Wednesday, November 30, 2011

For your consideration — "If there were no Internet, Hedy Lamarr would have to invent it" edition

Photo by Art Streiber
Fast Company: The Vision Thing — How Marty Scorsese risked it all and lived to risk again in Hollywood.

Slate: The Return of Silent CinemaThe Artist isn't the only movie harkening back to the time before talkies.

Slate: The Real Movies Behind the Magical Hugo

The Film Stage: 10 Classic Films You Must Watch Before Seeing Martin Scorsese's 'Hugo'

The Daily Beast: Good Actors, Bad Movies, and the Oscars — In this year's unpredictable Academy Awards race, one trend has emerged: excellent performances in so-so films. Richard Rushfield has had enough:
Ultimately, great performances are not about acting as a self-involved exercise unto itself, but about creating great, rich, unforgettable characters. And if a film has a great, rich, unforgettable character at its heart, audiences will forgive it a galaxy of sins. But if the film is forgettable, how unforgettable can the performance be? In recent years, Oscar has bestowed its favors for various reasons—some political, some artistic—on performances in a collection of films that were almost erased from the public imagination while they were still on the screen: The Reader, La Vie en Rose, Walk the Line, Crazy Heart, and Capote, to name a few. Despite the alleged brilliance at their hearts, the films have managed to be forgotten. Perhaps that is a judgment Oscar should consider the next time it rewards good work in a failed project.

Indiewire: The 10 Biggest Surprises of the Spirit Award Nominations

Indiewire: Images From Ridley Scott's 'Prometheus' Comic-Con Footage Leak — Hints that Scott's hush-hush project, set for a June 2012 release, will look sensational whether or not it really is an Alien prequel. Update: /Film — High-Res Images From Ridley Scott's 'Prometheus'

NPR: 'Most Beautiful Woman' By Day, Inventor By Night — A new book by Pulitzer Prize-winning author Richard Rhodes sets out to rewrite America's memory of Lamarr. Hedy's Folly: The Life and Breakthrough Inventions of Hedy Lamarr, The Most Beautiful Woman in the World, chronicles her life and the inventive side that is not often mentioned.

Also: I enjoyed the new two-part PBS American Masters entry, Robert Weide's Woody Allen: A Documentary. I disagree with calling it "definitive" — it has conspicuous gaps and the depth of penetration of a drink coaster — but it's still a well-made introduction to a course in Woody Allen 101 and I was pleased to see Allen onscreen as our docent. It's available for free viewing online. (It may be rights-restricted to in the United States.)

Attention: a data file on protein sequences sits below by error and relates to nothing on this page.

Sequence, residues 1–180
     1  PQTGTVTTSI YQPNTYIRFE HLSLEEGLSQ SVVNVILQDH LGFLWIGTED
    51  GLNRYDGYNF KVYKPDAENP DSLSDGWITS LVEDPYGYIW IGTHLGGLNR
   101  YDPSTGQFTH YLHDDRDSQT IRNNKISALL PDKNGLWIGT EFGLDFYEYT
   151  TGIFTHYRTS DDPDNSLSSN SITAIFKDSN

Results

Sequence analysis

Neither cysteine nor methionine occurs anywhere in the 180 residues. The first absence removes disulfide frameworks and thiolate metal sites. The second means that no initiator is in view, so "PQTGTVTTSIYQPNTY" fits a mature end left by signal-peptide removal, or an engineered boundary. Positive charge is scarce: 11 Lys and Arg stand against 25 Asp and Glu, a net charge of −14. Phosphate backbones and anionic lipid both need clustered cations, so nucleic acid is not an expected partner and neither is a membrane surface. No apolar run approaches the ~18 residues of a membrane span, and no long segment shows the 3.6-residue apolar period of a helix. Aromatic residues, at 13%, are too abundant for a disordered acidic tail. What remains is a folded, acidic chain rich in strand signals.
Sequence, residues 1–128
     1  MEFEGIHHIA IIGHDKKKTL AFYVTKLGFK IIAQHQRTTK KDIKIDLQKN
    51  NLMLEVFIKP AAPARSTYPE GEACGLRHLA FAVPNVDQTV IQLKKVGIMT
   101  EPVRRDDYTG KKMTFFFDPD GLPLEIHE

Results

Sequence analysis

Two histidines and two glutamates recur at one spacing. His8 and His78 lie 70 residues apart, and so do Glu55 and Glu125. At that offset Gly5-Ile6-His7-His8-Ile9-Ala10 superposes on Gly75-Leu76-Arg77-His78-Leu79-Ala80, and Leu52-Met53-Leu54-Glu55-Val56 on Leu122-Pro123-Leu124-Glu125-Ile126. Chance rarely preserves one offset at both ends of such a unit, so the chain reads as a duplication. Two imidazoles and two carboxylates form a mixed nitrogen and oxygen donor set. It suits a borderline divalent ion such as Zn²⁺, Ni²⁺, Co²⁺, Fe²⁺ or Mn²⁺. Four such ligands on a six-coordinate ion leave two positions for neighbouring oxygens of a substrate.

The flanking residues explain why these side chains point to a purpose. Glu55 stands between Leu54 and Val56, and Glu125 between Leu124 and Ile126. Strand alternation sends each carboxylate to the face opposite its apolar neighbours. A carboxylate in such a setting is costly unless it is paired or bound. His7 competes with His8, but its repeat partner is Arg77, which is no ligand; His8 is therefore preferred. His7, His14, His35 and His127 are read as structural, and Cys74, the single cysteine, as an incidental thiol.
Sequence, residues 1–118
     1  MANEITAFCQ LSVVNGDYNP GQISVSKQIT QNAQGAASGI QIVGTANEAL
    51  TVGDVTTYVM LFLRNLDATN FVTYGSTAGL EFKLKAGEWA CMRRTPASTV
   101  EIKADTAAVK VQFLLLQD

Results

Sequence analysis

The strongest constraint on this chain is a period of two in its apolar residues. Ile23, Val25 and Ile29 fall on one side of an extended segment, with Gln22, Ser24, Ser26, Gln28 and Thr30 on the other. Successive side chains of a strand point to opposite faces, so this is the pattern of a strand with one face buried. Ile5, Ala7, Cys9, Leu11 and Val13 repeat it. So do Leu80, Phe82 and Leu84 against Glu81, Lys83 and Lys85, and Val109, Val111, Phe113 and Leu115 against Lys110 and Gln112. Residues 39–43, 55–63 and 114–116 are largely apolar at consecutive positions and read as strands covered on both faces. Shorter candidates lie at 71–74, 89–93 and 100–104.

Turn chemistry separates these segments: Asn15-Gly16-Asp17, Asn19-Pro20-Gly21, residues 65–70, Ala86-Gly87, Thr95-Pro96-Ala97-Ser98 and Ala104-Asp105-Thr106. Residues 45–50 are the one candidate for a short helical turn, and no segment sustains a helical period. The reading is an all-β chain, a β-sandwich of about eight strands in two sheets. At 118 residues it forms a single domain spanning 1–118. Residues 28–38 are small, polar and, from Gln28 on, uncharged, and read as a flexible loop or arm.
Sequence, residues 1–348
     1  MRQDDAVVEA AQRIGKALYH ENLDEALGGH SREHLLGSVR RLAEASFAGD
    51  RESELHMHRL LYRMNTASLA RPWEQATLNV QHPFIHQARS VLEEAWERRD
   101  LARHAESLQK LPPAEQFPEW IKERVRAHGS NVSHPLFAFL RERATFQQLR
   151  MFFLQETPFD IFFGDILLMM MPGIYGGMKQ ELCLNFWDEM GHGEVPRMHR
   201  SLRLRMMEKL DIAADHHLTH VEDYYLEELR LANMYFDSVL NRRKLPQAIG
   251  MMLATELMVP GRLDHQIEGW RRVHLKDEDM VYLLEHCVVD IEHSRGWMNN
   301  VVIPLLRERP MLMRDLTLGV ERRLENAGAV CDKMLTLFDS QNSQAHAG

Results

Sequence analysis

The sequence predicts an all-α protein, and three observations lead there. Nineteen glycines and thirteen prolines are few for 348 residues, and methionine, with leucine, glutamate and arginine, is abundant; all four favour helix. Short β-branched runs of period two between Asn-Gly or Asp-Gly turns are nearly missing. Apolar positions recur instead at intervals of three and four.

The Guardian: Frank Miller and the rise of cryptofascist Hollywood — Fans were shocked when Batman writer Frank Miller furiously attacked the Occupy movement. They shouldn't have been, says Rick Moody – he was just voicing Hollywood's unspoken values.

In a related piece, here's David Brin's Roll over, Frank Miller: or why the Occupy Wall Street kids are better than #$%! Spartans

Slate: The Guide to the Making of Movies — Five notable magazine stories about the film industry, from loony directors to phenomenal flops.

TPM: Right-Wing Freak-Out: Children's Movies Pushing Liberal Agenda — It's simple, really. Happy Feet has the word "happy" right there in the title, and there are few things right-wingers find more threatening than others' happiness.

How to be a Retronaut: New York, 1940s, by Stanley Kubrick — "Kubrick's striking black and white images of 1940s New York City — which were often shot on the sly, his camera concealed in a paper bag with a hole in it — hint at the dark beauty and psychological drama of his later creative output."

The Daily Beast: Confronting The Apocalypse — Andrew Sullivan rounds up some thoughtful responses to Lars Von Trier's Melancholia, which I too think of as half of a double-feature with Malick's Tree of Life. "...It’s what Malick was getting at in Life: Every human—like every dinosaur millions of years ago—is here for a brief time and then gone, terminated by a rogue asteroid, a wartime bullet, a freak accident or a wayward planet called Melancholia."

The Atlantic: The Johnny Depp 'Thin Man' Reboot Is on Its Third Writer. For a little background, here's a "green light" announcement from The Guardian last May. My question: Who could possibly play Nora without leaving us pining for Myrna Loy? Don't screw this up or I'll personally shoot you five times in tabloids.

Well, the new John Carter trailer sure looks sensational. The screenplay is by Andrew Stanton, who also wrote Toy Story, A Bug's Life, Monsters, Inc., Finding Nemo, Wall-E, and Toy Story 3. I'm not crazy about what I see here of the character of John Carter. He seems too much the Hollywood-standard bronze brute, which isn't at all like Edgar Rice Burroughs' original Southern gentleman. However, Stanton says he is a big fan of the novel and that the movie "feels like the book." Here's hoping.

Making a movie? Need medical and scientific antique props and set decor? Who ya gonna call? These guys.

'Manos' in HD: Why I’m Saving 'Manos: The Hands of Fate' — Earlier this year Ben Solovey found the original 16mm workprint of Manos: The Hands of Fate, one of the most famous culty bad horror movies this side of Plan 9 from Outer Space. This site documents his quest to rescue and preserve the film from the bottomless dumpster of obscurity. Why? I'm not certain. But I salute his diligence.

Tor: Your New Baby Needs This Star Trek Book — If you're wondering the best way to reinforce the concept of opposites to the toddler in your life, the Star Trek Book of Opposites is here to help.

The Onion: Next Tarantino Movie An Homage To Beloved Tarantino Movies Of Director's Youth

Bouncing off my recent teeth-gnashing at Anonymous: Who wrote Shakespeare? As usual, Monty Python's Eric Idle has the last word.

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